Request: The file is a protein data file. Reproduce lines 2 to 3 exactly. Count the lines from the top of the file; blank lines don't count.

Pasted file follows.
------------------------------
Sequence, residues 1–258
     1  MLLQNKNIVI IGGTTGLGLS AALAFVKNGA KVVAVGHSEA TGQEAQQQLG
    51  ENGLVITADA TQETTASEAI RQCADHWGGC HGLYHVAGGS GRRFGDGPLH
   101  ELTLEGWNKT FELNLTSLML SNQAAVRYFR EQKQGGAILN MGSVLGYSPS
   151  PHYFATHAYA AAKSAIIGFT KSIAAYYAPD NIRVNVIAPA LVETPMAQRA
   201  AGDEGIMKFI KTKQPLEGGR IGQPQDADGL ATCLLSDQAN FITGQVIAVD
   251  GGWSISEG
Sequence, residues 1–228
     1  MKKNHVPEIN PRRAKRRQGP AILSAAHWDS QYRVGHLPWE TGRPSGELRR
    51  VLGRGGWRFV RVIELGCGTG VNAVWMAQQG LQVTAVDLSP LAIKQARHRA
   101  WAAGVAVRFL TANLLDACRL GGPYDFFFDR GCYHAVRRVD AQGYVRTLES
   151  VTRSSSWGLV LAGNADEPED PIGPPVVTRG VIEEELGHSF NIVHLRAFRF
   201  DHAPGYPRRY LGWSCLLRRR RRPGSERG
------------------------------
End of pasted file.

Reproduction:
     1  MLLQNKNIVI IGGTTGLGLS AALAFVKNGA KVVAVGHSEA TGQEAQQQLG
    51  ENGLVITADA TQETTASEAI RQCADHWGGC HGLYHVAGGS GRRFGDGPLH